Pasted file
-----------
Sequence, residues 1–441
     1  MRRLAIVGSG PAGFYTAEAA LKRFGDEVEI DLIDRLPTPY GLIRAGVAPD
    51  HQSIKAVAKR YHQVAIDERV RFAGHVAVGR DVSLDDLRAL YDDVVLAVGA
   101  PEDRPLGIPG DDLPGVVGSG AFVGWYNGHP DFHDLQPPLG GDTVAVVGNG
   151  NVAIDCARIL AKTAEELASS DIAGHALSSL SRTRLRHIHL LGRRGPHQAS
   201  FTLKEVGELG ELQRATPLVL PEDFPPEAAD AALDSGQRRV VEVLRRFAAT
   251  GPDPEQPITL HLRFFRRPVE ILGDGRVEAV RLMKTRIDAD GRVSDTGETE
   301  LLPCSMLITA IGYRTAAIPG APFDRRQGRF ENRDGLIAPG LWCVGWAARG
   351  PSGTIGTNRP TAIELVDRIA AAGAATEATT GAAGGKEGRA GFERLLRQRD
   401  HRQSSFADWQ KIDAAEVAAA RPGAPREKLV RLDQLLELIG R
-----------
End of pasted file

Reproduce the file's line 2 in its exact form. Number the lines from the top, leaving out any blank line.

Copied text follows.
     1  MRRLAIVGSG PAGFYTAEAA LKRFGDEVEI DLIDRLPTPY GLIRAGVAPD